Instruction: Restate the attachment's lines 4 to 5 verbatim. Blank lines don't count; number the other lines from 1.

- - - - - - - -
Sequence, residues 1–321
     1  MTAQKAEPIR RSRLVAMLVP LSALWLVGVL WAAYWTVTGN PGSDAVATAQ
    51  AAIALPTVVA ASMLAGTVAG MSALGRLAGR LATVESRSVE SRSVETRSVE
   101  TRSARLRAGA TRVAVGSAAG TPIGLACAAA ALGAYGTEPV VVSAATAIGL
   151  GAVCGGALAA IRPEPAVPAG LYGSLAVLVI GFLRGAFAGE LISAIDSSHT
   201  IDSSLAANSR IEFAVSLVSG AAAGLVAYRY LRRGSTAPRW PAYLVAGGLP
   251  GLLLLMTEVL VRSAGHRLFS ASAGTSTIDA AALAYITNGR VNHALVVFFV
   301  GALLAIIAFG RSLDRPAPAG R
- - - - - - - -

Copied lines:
   101  TRSARLRAGA TRVAVGSAAG TPIGLACAAA ALGAYGTEPV VVSAATAIGL
   151  GAVCGGALAA IRPEPAVPAG LYGSLAVLVI GFLRGAFAGE LISAIDSSHT